The company newsletter hit Ruth Kenyon’s desk and there was her picture on the front page under the heading “Employee of the Month”. A simple paragraph of text explained that she had single-handedly reduced the debtor days from 39 to 32 in a period of 6 weeks. If others didn’t understand the significance of her work, it didn’t matter, she just felt a huge wave of pride sweep over her.
Even the smallest company has a reception area. This is a great place to publicize how good your people really are. Fast food restaurants are some of the best at this form of recognition; however every company should be telling its customers and suppliers how good its people are. An A4 size sheet can provide a photograph and a little background about the reasons for choosing this individual for recognition. Keep the display fresh, don’t leave the same information on display for more than a week otherwise regular visitors will think you only have one good employee.
If you have an in-company newsletter this is an ideal place to publicize the success of individuals and teams. Have a professional article written about the work that was done and include a photograph. Also make sure the CEO includes a quote about his or her interest in the work.
Every year companies produce their annual report for shareholders. Typically they will include photographs of the executives and name each one. They also feature a range of photographs of their operations showing dynamic employees doing their jobs. It gives people such a buzz if their name is included in the caption saying something like “Frank Rodgers and Mary Knight producing Zenfda components on the state-of-the-art FRANMAR digital router” rather than the usual, anonymous “FRANMAR digital router: Investment in Technology” caption.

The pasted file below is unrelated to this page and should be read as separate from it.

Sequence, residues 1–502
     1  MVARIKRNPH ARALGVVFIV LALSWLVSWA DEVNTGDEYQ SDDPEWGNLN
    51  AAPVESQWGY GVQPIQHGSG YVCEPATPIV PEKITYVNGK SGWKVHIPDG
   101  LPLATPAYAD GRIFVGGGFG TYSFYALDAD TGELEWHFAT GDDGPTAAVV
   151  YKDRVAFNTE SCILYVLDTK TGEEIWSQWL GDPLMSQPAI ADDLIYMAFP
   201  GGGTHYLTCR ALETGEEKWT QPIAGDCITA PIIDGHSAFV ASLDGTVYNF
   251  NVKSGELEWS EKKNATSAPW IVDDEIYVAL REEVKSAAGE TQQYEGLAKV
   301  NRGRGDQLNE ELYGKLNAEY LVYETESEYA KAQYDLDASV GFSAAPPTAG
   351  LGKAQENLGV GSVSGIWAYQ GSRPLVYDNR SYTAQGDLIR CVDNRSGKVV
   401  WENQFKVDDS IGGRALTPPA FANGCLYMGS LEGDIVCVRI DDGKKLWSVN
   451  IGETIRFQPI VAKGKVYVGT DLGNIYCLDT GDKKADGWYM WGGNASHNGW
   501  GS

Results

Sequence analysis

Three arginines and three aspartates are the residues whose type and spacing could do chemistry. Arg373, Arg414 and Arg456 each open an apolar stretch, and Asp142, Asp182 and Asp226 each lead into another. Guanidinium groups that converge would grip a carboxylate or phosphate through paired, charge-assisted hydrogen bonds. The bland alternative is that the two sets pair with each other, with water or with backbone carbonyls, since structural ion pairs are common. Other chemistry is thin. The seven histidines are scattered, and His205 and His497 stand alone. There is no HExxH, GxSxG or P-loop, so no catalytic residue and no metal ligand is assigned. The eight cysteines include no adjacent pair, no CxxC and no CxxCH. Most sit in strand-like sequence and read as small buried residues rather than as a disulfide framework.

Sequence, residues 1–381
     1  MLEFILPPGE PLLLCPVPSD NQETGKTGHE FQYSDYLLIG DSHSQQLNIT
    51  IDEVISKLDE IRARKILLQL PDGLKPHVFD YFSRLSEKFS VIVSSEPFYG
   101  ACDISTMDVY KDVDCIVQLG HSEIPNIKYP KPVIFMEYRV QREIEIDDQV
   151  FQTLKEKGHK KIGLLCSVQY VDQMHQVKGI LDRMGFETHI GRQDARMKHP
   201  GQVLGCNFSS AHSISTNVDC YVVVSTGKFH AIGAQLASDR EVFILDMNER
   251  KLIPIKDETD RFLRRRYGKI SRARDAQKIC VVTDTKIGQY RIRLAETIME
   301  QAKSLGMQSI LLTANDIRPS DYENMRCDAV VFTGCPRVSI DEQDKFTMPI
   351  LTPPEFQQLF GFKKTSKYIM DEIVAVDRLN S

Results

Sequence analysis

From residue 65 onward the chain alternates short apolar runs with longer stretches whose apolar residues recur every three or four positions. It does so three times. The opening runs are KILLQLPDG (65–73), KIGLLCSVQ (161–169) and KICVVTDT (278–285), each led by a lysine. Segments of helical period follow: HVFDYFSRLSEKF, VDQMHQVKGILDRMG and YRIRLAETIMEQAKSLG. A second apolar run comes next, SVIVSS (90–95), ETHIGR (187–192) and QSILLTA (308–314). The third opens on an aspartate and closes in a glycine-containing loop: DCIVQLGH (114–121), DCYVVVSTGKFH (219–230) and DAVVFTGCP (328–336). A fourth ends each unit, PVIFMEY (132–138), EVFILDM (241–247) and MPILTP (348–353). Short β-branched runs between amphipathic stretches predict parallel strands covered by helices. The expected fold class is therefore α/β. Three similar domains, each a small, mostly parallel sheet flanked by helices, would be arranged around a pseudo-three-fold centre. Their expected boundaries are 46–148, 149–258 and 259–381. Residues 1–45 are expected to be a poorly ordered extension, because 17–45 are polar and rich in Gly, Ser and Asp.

Company websites can be very informative about products and services but rarely do they take the opportunity to talk about the people in the organization. There is sometimes reluctance to publish anyone’s name on a website for fear that they may be targeted by spam mail or more sinister approaches, however this can easily be worked around by using initials or only first names. There is no good reason not to use this medium too.
If at all possible avoid publishing only a list of names as this leaves fertile imaginations to conjure up conspiracy theories about why they are not included.
There is no good reason in these days of digital cameras and camera-phones to avoid producing a photograph of the person being recognized for their contribution to the business. Purists might say that the photographs should be of studio quality but in the interests of rapid turn-around the quality of the images will be forgiven in favor of instant feedback.
Later in the day Ruth Kenyon passed by the coffee machine and was instantly recognized. She met the barrage of questions about debtor-days with aplomb and educated her colleagues. The perils of celebrity are that you must eventually face your fans.